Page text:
The Implications Of President Biden's Anti-Competition Executive Order : Planet Money : The Indicator from Planet Money President Biden signed an executive order promoting competition and large technology firms came under fire. We speak with economists Luigi Zingales and Carl Shapiro on the history and implications of antitrust.

In Tech We Antitrust: Indicators of The Week

In Tech We Antitrust: Indicators of The Week

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Alex Wong/Getty Images
(Photo by Alex Wong/Getty Images)
Alex Wong/Getty Images

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Over the past decade, large technology firms created an incredible amount of wealth and power. President Biden recently signed an executive order promoting competition in the American economy. With Lina Khan as the new Chair of the Federal Trade Commission, the federal government is looking to change antitrust policies. We speak with economists Luigi Zingales and Carl Shapiro on the topic.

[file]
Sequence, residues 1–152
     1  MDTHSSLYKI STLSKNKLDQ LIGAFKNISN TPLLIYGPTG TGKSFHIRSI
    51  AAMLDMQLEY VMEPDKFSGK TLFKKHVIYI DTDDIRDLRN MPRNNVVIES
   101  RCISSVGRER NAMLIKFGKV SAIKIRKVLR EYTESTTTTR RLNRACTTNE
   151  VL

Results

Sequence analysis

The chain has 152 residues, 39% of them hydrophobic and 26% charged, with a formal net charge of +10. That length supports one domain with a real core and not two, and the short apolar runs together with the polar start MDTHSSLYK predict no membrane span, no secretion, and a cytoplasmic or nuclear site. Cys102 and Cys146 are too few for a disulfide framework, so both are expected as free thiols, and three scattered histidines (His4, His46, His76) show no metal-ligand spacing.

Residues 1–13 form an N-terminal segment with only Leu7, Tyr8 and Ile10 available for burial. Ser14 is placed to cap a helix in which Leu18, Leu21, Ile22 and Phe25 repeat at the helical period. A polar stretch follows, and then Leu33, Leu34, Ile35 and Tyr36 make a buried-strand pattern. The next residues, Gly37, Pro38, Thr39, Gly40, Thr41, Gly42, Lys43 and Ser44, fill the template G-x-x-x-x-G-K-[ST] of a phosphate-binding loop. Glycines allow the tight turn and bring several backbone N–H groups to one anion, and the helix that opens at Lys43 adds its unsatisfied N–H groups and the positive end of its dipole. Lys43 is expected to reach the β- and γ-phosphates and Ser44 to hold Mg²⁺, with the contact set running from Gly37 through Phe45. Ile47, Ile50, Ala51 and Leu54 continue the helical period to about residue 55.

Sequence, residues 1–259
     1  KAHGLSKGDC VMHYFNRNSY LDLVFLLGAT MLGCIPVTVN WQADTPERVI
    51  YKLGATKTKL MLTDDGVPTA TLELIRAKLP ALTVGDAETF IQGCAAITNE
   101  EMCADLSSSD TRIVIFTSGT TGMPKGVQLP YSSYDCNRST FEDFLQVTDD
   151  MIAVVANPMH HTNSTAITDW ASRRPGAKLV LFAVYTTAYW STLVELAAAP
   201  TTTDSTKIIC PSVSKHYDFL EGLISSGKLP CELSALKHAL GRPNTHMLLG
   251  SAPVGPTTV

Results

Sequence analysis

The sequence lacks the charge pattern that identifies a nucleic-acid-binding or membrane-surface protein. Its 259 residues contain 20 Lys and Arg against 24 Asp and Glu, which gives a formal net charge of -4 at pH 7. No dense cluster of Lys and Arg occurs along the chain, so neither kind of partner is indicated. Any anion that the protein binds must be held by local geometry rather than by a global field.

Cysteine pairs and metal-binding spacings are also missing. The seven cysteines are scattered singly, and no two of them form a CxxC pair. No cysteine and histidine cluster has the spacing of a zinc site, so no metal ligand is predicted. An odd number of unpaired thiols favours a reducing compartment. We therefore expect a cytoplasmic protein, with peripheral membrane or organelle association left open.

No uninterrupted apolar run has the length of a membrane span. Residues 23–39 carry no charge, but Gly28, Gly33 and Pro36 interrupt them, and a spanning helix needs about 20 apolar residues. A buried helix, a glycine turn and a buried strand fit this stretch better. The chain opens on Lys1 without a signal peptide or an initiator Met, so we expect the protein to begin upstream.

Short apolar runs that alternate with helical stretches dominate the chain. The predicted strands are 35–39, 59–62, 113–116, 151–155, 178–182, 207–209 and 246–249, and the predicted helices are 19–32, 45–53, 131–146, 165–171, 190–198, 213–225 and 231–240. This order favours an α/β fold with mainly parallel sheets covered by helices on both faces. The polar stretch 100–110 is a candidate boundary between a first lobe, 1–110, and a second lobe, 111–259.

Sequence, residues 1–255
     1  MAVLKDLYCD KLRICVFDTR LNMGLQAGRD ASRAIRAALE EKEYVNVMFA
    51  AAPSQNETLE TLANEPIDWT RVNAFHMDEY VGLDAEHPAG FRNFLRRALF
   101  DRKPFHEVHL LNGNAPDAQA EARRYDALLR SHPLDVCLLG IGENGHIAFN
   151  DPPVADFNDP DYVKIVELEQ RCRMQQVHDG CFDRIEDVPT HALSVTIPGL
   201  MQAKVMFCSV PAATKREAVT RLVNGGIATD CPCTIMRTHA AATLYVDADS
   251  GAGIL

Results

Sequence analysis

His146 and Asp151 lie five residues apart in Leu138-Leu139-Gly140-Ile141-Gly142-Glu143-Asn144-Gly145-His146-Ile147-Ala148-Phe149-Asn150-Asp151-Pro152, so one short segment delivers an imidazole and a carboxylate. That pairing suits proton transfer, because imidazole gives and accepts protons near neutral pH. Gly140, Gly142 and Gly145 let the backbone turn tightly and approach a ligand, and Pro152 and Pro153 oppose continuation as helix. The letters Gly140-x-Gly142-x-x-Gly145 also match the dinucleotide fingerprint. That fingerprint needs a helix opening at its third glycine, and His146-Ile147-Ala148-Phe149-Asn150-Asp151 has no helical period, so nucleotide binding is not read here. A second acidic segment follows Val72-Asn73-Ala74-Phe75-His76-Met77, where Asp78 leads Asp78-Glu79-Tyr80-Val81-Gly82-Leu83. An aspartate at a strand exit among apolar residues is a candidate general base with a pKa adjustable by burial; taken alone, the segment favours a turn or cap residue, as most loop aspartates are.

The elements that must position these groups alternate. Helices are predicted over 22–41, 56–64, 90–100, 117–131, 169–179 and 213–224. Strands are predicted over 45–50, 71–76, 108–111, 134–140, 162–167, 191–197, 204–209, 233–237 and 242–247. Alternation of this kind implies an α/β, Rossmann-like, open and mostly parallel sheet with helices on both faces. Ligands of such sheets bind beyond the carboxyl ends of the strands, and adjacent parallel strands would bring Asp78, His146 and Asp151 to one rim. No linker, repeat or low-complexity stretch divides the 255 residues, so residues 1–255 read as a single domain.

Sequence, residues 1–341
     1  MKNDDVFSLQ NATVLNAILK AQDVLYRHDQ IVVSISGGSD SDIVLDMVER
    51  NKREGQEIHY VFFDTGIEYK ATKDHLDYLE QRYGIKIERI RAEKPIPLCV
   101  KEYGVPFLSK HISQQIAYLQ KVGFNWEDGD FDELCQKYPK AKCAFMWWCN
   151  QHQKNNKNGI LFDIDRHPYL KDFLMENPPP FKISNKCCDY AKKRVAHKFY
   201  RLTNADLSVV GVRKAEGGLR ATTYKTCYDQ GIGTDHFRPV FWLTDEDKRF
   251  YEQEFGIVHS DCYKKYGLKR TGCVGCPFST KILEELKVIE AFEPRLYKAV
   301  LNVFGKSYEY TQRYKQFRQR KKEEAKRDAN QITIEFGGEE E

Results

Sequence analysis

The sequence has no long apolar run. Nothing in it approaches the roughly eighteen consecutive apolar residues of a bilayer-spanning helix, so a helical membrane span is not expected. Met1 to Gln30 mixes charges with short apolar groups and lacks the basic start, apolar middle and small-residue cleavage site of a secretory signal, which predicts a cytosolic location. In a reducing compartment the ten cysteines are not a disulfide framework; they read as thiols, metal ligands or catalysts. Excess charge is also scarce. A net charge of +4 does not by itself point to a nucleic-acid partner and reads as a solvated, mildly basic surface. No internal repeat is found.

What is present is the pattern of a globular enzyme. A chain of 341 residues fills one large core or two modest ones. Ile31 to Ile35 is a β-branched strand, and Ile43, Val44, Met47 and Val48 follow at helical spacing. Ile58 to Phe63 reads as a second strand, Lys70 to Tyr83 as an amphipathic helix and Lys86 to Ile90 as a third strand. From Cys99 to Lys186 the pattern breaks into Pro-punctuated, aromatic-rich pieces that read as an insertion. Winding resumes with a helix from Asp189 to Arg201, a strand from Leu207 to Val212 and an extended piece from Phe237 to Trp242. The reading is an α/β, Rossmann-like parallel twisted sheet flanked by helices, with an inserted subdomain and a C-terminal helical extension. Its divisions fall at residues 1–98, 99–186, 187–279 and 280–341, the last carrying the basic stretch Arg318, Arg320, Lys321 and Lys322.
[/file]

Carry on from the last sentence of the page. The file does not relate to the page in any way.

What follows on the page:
Both economists agree that the executive order will not immediately address the problems of Big Tech. A few decades ago, a new school of thought changed how government officials and scholars approach competition law. The new school promoted consumer welfare rather than focusing on alleged harm to competitors in the marketplace and supply chain. Critics of that new approach say it's made it much more difficult to file antitrust cases.

Both economists are concerned with the concentration of economic power within fewer firms. They agree on the importance of regulation and transparency. Lawmakers have many tough decisions to make, but there is still hope in promoting fair competition in the market.

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